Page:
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Are Your Kids Your Biggest Online Security Risks?

The Short of It

You're probably making complex passwords, using anti-virus software and worrying about hackers and identity thieves, but it turns out one of the biggest threats to your online security could be your kid.

The Lowdown

In a new Wall Street Journal article, Alexandra Samuel, a technology researcher and the author of "Work Smarter with Social Media" points out to parents that kids can cause quite a few security problems when they use computers and other devices.

"They inadvertently download viruses. They work around security to visit sites their parents don't want them to. They run up huge bills using their parents' one-click ordering," Samuel writes.

Sounds scary, but she says you can do some things to cut down the risks:

  • Create separate profiles for kids. That way, they can log into educational apps and games but not anything administrative—that should be reserved for you.
  • Know your kid's skills and temperament. Many of them can hack into programs, change settings and alter devices; some of them are infinitely curious and test limits. You'll want to be stricter with your security if either are the case with your kid.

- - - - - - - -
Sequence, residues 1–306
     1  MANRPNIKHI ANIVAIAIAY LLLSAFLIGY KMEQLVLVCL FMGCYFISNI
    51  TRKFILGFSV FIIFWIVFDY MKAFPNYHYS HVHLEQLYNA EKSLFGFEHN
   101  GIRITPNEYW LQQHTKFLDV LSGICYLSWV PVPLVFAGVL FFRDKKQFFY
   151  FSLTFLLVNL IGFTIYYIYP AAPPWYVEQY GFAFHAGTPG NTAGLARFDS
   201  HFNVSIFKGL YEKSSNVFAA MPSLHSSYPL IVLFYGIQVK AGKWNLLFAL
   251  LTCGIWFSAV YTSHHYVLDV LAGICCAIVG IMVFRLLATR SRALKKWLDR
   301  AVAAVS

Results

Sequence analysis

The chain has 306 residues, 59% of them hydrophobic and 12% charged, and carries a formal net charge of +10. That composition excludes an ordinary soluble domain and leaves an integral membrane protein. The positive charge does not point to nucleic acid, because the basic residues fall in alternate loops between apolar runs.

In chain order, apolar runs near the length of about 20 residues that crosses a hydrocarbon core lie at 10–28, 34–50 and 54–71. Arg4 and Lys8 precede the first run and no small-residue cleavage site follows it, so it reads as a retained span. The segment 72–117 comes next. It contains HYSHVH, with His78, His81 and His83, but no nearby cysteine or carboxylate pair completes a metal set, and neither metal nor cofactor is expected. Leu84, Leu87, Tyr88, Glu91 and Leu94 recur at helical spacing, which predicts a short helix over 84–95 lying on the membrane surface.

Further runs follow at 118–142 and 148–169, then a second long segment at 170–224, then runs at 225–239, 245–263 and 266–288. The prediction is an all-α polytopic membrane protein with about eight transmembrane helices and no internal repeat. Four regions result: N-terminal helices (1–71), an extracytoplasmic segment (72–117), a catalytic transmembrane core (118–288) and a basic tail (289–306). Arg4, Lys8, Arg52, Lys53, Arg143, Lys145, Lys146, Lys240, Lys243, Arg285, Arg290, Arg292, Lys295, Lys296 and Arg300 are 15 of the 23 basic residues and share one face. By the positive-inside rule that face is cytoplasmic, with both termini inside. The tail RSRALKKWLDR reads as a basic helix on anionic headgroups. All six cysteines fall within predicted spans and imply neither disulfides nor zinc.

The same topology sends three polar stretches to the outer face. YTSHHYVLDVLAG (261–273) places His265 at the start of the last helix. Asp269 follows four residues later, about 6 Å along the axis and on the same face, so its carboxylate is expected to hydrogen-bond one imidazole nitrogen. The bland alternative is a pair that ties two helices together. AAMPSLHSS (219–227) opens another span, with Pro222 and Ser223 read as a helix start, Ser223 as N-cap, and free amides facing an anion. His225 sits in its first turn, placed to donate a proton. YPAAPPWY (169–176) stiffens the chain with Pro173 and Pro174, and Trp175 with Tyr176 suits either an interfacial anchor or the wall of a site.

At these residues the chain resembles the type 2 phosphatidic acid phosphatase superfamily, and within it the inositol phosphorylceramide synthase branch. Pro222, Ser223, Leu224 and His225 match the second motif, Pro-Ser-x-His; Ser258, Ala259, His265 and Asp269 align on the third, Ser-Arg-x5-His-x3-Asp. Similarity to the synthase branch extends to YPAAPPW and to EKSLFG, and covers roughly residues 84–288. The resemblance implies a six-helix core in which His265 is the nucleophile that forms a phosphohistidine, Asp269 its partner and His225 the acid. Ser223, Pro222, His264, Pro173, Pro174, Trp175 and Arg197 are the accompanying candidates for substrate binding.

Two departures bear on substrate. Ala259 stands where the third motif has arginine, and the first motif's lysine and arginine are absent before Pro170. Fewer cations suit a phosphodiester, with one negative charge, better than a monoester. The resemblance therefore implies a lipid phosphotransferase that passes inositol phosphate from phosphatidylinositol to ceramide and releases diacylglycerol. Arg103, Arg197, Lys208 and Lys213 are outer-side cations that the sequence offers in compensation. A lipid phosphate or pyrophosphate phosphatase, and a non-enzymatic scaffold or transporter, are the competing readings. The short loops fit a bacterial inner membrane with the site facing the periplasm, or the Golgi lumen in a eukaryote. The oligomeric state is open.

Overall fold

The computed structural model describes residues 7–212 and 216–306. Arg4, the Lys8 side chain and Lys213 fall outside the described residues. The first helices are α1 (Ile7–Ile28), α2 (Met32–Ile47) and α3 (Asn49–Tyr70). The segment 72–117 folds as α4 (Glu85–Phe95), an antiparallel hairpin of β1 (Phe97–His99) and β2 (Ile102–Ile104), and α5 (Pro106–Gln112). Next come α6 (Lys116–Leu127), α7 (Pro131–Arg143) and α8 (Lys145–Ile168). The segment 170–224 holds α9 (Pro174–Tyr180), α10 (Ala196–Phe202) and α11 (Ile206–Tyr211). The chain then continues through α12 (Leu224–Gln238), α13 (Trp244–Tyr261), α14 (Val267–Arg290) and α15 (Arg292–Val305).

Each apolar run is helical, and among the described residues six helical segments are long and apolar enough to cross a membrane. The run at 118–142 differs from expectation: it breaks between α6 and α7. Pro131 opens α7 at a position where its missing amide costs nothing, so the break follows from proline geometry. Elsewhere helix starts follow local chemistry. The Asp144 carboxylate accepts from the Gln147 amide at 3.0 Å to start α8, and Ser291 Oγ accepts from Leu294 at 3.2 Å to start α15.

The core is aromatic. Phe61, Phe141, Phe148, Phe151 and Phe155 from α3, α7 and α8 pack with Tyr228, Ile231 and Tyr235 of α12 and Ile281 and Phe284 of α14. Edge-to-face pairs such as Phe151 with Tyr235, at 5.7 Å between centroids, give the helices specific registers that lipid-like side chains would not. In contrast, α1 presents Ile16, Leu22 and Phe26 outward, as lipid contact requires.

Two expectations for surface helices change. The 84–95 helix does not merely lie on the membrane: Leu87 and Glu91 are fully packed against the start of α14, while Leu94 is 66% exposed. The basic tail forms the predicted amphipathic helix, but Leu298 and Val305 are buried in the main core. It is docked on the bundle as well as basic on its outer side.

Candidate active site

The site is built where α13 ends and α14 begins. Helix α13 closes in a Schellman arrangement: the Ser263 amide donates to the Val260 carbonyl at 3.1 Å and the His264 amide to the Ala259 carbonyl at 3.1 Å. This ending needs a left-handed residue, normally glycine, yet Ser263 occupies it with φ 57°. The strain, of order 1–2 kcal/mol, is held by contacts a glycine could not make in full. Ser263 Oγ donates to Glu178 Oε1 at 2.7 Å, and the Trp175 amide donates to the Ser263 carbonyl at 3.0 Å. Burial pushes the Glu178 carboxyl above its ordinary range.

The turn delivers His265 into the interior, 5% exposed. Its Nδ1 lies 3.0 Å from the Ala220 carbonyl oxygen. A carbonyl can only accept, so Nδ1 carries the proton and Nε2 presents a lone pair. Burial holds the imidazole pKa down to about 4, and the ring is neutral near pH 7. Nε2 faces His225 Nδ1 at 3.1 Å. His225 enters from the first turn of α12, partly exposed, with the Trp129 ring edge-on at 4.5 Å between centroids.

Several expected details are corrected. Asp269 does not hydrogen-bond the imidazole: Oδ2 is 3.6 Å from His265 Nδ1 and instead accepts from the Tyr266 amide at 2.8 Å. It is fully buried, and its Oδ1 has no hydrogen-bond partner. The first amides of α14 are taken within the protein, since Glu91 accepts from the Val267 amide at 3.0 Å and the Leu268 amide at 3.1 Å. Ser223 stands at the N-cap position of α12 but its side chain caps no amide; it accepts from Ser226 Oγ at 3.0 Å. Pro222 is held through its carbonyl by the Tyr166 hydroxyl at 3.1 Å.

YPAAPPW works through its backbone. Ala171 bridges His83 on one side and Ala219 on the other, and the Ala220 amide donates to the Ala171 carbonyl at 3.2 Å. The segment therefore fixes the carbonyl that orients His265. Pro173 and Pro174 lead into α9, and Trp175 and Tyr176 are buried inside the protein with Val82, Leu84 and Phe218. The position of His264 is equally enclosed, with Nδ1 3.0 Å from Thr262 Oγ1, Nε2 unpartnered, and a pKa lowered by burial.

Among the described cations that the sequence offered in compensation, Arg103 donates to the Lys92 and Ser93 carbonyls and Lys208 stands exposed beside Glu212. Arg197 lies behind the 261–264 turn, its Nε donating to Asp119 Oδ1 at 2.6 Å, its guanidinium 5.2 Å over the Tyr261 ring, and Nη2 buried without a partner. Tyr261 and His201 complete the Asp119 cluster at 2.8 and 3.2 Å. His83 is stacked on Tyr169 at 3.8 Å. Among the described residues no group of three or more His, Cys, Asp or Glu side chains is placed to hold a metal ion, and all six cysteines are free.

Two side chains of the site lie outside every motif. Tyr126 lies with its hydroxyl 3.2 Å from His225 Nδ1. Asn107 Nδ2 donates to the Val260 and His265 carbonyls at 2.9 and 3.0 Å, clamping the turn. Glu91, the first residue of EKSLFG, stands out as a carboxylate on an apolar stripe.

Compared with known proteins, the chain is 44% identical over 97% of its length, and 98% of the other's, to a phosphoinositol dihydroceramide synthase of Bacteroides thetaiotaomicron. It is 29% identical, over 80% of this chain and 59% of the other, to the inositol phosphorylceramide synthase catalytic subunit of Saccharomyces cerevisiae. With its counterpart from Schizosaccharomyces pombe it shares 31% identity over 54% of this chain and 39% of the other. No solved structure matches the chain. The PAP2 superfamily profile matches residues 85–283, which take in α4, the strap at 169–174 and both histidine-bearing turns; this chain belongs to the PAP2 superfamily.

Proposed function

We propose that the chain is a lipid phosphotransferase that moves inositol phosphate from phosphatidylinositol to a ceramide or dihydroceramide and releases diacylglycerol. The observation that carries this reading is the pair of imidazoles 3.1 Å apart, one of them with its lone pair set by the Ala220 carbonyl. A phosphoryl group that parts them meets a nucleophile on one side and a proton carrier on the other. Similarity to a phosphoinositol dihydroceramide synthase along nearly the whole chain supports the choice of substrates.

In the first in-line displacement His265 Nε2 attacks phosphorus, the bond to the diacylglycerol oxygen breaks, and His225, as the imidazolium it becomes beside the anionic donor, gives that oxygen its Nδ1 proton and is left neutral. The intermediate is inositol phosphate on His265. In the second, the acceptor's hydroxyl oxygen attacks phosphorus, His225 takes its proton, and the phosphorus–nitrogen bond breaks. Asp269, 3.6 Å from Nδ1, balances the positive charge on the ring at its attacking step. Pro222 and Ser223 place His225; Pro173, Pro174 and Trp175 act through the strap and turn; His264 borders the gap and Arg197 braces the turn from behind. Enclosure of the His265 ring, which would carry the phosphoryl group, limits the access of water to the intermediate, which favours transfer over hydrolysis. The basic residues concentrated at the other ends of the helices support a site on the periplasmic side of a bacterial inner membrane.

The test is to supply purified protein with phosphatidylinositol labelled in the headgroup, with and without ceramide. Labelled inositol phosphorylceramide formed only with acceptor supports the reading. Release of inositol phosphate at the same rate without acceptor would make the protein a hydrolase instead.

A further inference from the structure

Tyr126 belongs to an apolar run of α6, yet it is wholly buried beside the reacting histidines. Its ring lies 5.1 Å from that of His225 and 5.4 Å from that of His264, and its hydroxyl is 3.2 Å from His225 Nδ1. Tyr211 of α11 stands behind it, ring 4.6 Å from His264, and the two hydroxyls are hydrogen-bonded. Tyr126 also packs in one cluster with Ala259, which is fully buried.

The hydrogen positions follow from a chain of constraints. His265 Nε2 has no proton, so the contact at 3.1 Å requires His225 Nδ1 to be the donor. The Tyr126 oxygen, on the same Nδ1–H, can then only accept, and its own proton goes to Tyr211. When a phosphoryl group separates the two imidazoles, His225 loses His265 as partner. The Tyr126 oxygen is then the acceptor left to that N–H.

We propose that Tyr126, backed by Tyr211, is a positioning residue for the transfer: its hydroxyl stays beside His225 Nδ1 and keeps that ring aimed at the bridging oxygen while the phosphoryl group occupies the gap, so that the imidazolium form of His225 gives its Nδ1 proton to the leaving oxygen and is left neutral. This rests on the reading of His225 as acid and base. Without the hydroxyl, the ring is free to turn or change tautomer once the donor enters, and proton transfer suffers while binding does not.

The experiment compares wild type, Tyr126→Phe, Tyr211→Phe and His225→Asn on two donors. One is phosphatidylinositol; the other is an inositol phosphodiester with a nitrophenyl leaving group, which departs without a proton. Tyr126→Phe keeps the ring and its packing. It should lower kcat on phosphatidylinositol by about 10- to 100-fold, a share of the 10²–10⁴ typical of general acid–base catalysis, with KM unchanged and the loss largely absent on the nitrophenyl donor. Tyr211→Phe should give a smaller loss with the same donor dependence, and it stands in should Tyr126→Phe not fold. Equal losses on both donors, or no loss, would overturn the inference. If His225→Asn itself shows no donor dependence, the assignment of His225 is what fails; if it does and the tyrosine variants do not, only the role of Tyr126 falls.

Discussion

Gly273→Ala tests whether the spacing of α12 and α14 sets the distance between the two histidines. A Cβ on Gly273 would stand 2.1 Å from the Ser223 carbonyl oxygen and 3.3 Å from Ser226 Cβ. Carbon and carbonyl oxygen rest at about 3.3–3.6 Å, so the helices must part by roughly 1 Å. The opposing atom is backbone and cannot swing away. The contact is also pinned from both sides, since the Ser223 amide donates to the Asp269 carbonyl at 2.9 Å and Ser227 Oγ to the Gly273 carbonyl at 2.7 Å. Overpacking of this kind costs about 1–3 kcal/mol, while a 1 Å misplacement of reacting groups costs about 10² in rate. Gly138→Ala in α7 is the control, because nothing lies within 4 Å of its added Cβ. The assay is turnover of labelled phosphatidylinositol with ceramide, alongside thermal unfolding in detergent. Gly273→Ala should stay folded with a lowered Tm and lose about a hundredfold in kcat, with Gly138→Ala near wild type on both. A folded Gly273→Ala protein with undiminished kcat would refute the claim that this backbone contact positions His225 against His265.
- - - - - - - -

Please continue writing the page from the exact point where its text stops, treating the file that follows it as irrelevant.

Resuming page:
• Check devices. Periodically, take note of any new apps that have been downloaded, and look for any "gaps" in browsing history. Kids tend to know how to cover their tracks.
  • Add greater security. Use a password manager like LastPass or 1Password to create secure passwords your kids can't hack. Make sure files are password protected. Disable one-click ordering. And backup your devices in case one of them gets a virus and crashes.

The Upshot

Even when you're taking all the proper security measures, the most important thing you can do is to teach your child about what online behaviors are risky and why, says Samuel. Knowing the reasoning behind your limits and warnings can definitely motivate them to actually follow them.

And now the part that's probably scariest for many of us parents: "And yes, awkward though it may be, talk to your teen (or even preteen) about pornography," says Samuel. "Chances are they will stumble on it or go searching for it themselves. So teach them how to avoid stumbling onto disturbing imagery, browse anonymously, stream rather than download and avoid clicking on any link that could introduce malware into your system."

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